“His kids got to him first, so no,” Benny told it. His black-circled eyes with their exaggerated lashes narrowed. “I know your buddy must have told you we have laws around here that apply to your kind, right?” he said. “So don’t go getting any funny ideas, got me?”
It considered him skeptically. “What’cha gonna do, kill me?”
Benny smiled, red painted mouth stretching way too wide, and the zombie drew back with a whimper. “We lock you up in a tiny little concrete cell,” he said happily, smile widening even more when it whimpered again. “I mean it, deathbag, you mind your manners now that you’re up, got it? No protesting, no sit-ins, no trying to convert people to veganism…”
“How did you know?!”
Benny didn’t bother to point out the rotting but still legible Meat is Murder, Kale is King t-shirt it was wearing, and Carl just rolled his eyes. Zombies were so stupid. “Old Man Johnson didn’t like protesters,” he told it. “Now if you two don’t mind, I’m going back to sleep – I’ve got work tomorrow. And you stay out of my fucking yard,” he told the zombie. “I’ll put up with having you for a neighbor, but if I catch you trespassing I’m calling this clown back out, got it? And he’ll bring all his buddies with him in a tiny little car.”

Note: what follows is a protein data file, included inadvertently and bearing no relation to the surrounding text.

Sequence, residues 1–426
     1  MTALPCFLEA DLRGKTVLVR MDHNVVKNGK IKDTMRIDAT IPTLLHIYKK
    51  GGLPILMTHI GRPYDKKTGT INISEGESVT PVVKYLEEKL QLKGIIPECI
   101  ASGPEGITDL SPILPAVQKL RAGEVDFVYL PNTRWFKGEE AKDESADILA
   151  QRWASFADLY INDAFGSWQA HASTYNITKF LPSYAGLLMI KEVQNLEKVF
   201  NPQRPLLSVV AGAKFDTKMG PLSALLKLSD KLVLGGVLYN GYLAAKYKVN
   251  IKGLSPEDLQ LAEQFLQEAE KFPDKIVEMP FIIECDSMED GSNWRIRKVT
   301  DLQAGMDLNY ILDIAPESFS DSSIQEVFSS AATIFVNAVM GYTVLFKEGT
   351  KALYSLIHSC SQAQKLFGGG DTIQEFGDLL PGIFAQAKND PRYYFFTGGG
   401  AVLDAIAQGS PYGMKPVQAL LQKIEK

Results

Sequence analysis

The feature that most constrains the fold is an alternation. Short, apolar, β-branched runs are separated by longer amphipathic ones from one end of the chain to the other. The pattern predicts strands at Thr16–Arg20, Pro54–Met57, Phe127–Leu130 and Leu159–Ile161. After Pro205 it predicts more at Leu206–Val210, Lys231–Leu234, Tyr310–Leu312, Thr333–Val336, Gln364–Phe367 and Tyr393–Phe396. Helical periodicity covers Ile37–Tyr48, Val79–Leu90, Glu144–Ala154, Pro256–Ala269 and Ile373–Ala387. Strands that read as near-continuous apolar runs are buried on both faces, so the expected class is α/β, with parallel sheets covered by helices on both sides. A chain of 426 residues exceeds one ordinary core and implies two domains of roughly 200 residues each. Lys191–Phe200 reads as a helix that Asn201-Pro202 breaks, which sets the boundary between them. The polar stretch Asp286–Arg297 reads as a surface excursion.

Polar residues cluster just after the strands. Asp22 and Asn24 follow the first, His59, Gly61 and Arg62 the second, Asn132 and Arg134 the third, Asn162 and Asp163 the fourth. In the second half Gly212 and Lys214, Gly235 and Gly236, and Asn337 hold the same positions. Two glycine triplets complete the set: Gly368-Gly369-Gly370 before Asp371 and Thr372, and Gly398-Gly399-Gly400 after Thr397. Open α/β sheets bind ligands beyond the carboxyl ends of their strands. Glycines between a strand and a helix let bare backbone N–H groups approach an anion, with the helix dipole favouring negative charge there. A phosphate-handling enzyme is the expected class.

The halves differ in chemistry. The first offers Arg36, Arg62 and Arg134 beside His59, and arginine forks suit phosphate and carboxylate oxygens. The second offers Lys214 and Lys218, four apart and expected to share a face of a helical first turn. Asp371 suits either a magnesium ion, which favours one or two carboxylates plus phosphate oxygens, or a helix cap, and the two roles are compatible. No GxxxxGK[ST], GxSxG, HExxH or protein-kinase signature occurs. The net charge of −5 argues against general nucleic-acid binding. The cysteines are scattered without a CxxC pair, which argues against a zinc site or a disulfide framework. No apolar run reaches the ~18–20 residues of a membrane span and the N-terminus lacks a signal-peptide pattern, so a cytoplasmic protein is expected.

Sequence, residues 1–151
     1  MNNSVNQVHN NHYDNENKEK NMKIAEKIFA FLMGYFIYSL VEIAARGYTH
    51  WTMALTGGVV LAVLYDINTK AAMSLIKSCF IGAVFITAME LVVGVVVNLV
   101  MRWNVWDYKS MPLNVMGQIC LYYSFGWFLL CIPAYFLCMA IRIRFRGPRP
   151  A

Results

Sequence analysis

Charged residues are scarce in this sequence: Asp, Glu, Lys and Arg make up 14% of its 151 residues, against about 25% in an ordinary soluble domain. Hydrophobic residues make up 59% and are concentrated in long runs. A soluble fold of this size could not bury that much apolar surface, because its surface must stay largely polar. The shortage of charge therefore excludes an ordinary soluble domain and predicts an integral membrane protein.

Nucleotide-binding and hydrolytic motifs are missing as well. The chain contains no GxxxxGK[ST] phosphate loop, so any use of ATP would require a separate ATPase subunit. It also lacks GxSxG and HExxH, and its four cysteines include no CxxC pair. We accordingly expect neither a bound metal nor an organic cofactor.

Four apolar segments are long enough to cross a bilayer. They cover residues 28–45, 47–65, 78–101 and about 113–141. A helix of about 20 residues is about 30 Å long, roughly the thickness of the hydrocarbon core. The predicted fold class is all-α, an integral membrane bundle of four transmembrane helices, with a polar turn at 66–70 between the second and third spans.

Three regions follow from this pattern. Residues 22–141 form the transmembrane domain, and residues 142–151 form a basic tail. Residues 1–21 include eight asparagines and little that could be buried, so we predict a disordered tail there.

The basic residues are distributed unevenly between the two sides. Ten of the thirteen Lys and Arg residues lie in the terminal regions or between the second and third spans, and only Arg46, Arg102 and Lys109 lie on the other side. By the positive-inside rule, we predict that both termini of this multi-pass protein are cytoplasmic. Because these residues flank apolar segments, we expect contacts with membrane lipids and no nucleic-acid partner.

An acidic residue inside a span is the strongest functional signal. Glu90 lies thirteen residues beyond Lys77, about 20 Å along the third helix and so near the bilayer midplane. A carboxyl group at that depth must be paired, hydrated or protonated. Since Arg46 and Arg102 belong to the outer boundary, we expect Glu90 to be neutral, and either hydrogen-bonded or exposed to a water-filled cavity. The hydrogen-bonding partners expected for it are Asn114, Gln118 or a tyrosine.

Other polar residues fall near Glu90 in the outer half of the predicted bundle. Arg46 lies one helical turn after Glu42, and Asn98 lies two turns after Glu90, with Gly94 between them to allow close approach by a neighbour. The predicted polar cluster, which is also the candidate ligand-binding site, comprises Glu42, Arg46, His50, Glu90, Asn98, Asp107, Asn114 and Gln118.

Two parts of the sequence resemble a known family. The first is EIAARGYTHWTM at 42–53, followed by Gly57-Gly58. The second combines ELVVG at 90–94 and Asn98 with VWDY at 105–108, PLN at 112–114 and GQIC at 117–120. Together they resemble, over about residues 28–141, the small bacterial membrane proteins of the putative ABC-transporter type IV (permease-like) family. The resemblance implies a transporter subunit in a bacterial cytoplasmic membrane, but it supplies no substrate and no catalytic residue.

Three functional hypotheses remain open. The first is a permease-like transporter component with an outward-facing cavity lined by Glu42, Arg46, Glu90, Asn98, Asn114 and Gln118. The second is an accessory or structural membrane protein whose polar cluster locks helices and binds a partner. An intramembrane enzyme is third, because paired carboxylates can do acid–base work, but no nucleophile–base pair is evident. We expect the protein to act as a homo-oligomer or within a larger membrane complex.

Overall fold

Benny nodded gravely. “We’ve got one. It’s got a squeaky horn and it’s painted with polka dots all over,” he said. “You really don’t want to know how many of us can fit in it, do you?”
The zombie shook its head, stumbling back a step. “We ain’t gonna cause no trouble. We’ll keep the music down from now on.” And then it turned and shambled back to its friends as fast as it could go, muttering to itself about clowns.
Carl closed the window before Benny could say anything else, letting the blind drop back into place and putting his earplug back in as he climbed back into bed. He had work in the morning, he needed his sleep – and he needed the hours, since he was still trying to make up the three sick days he’d taken during the last full moon.